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The Steaks Are High When it Comes to Relationships, Part 8: Have You Ever Dreamed of Going To Culinary School?

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The "steaks" are high when it comes to relationships, and Lisa's young lover liked his medium-rare with a side of perfectly done French-Fried Potatoes.

As I make my way through Central Park, a hint of summer is finally in the air. For any city girl worth her salt, this can only mean one thing: time to go country. From the Hamptons to Fire Island, there are few things more badass then any girl who can finally master the art of grilling.

I walk into class and begin to assemble my ingredients for today's recipe. Chef Will, our substitute, greets me at the door with an infectious smile. After all of the braising and roasting and pickling and poaching, I am relieved to find a simple grill and a basic fry would round out our day.

All of the instructors at the International Culinary Center are outstanding Chefs who have mastered techniques and all of the elements that one uses to measure culinary greatness. However, each brings a signature flavor and their own unique style to the craft of teaching. Today, I will learn my own important lesson.

To become truly great and inspired at some point in life, as in cooking, you have to stop relying on recipes and the exact measuring of ingredients and start trusting your very own instincts. Chef Will can tell how firmly his egg is poached with a quick eyeball and a poke. He can also check the doneness of a steak by the amount of firmness and spring in its middle. In class today, my instincts got me an undercooked steak and some crispy potatoes. I realize I just need more practice.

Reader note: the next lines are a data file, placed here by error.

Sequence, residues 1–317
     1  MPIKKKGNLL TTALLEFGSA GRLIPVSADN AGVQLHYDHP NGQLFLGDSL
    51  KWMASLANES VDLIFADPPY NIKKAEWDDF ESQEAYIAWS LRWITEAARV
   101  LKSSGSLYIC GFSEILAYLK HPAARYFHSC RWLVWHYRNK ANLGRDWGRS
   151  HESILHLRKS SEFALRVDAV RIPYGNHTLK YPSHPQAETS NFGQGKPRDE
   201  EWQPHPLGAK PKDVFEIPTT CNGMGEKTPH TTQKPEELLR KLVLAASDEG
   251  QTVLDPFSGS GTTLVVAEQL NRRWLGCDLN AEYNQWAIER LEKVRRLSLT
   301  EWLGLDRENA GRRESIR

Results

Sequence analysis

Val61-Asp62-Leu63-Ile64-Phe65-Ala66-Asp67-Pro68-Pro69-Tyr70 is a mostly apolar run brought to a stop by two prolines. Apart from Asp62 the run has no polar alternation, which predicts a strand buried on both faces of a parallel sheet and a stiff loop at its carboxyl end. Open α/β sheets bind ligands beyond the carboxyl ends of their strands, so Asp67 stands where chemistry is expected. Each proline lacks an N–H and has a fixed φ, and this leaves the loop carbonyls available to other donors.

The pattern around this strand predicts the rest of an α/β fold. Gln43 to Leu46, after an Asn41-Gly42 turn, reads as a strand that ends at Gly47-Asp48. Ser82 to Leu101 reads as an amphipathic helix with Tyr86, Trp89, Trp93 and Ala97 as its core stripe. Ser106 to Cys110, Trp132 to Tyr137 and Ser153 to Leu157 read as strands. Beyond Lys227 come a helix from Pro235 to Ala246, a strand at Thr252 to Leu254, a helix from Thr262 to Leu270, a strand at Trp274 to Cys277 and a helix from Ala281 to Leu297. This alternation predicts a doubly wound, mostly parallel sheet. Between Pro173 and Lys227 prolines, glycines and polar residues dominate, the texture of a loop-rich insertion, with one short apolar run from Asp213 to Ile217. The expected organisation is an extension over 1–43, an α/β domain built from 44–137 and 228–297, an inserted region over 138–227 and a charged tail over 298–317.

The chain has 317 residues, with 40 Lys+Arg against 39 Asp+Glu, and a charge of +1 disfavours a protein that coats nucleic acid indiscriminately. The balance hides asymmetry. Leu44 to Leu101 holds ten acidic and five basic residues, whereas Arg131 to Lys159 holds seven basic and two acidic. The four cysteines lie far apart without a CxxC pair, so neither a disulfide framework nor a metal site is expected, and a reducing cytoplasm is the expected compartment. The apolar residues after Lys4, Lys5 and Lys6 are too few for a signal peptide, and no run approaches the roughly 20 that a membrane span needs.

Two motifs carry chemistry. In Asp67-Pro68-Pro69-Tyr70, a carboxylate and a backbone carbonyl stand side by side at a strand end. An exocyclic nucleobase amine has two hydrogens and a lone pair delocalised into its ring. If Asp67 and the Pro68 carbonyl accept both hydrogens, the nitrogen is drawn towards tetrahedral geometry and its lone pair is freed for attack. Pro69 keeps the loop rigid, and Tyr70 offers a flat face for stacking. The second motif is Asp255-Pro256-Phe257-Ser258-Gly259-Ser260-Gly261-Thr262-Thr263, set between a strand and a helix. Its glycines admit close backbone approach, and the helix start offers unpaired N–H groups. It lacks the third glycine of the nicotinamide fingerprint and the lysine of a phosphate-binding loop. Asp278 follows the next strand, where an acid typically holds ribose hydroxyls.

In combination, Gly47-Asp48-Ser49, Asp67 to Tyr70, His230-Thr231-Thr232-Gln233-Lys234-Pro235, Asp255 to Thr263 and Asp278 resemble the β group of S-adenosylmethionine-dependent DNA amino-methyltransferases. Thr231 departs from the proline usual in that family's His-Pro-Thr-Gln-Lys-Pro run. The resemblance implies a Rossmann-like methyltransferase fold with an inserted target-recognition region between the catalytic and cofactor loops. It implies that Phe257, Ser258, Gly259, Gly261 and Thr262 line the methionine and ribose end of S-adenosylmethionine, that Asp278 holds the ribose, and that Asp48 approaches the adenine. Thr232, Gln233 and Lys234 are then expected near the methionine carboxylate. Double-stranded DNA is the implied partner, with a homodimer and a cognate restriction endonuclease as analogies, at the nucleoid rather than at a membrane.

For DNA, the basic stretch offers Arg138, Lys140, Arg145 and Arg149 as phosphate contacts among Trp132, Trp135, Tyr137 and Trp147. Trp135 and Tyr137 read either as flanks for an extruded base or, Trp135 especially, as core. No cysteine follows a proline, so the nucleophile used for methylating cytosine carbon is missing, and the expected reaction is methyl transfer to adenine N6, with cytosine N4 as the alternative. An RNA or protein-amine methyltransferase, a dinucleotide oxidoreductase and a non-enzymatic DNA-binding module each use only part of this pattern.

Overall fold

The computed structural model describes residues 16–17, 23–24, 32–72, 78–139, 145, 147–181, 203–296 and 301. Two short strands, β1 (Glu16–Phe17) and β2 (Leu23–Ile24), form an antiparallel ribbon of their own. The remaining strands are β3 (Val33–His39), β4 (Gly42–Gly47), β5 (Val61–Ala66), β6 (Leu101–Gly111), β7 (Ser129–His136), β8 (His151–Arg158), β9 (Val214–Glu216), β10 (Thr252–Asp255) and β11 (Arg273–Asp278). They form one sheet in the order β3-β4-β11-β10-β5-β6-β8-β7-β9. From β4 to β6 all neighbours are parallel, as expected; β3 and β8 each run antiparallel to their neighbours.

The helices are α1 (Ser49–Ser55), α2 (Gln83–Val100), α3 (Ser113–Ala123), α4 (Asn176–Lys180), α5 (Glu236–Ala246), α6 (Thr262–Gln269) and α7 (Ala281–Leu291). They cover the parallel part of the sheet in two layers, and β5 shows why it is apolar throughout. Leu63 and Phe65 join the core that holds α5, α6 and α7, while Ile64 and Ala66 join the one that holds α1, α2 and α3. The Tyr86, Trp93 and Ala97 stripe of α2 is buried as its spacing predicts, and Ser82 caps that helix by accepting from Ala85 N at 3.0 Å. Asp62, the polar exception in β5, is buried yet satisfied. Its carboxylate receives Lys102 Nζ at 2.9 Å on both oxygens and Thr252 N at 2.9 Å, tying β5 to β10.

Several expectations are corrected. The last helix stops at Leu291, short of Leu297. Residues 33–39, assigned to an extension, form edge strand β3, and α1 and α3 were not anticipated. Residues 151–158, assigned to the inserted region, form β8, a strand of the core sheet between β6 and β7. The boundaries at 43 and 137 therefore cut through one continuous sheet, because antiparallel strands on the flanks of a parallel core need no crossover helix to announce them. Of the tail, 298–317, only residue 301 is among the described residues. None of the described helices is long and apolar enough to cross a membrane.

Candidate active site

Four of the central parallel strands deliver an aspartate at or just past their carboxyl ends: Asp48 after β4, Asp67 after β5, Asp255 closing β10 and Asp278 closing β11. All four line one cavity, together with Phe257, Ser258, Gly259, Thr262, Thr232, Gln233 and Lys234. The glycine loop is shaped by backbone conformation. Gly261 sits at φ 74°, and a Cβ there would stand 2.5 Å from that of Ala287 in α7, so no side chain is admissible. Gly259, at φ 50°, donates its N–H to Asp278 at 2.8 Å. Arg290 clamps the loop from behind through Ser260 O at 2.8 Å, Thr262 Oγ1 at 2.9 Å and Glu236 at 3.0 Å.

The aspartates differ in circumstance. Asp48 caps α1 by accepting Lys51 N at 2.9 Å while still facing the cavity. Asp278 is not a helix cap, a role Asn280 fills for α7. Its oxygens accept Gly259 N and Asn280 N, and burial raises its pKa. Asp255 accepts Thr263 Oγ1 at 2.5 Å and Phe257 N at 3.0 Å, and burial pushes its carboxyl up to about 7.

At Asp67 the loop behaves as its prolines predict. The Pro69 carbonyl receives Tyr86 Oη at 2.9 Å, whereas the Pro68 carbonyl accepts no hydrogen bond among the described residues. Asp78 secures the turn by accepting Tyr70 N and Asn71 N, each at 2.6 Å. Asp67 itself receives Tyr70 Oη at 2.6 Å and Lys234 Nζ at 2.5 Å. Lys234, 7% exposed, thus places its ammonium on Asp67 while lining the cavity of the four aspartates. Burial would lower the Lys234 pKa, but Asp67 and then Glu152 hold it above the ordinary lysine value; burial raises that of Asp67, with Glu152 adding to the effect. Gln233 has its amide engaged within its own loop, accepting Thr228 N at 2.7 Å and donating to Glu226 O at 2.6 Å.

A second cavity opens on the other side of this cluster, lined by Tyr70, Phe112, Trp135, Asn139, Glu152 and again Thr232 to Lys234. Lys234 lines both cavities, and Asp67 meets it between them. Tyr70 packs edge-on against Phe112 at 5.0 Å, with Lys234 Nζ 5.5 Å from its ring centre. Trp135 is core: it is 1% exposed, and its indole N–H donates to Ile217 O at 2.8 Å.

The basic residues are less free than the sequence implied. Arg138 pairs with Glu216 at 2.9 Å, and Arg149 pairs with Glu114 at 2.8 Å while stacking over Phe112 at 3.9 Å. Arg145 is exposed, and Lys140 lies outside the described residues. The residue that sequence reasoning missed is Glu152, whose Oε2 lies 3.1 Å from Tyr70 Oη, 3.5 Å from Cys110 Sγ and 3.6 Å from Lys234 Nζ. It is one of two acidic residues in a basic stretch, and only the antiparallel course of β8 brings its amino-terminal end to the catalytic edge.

On my way home, I stop at the Union Square Greenmarket. Like any New Yorker with a foodie fetish, I get lost walking from vendor to vendor. After compiling all of the ingredients, I head home to prep the kitchen for Lisa's date night.

When I arrive, she's giddy as a schoolgirl, and I'm forced to remind her the only thing Extra-virgin in the room is olive oil. If our culinary Cyrano is to be a success she would have to put down the wine and focus to master these basic steps.

In the spirit of Chef Will, I put away my recipe and get lost in the Zen of cooking. I season my steaks and begin to prepare my tomato fondue, a key component to the savory goodness of my Choron sauce. To me, Choron sauce is the closest I'll ever get to heaven here on earth. I prepare the béarnaise sauce reduction. I combine the water and vinegar, adding the shallots, tarragon and cracked pepper. I take in a deep breath and my mouth instantly begins to water. I add the egg yolks and after straining my vinegar reduction, I whisk it over water until the sabayon is thick and light. And then comes the butter, in a slow and steady stream until the creamy, savory mixture is ready to taste. After adding the fondue, I give Lisa a taste.

She says, "That Choron is crack sauce and must be banned in at least 50 states."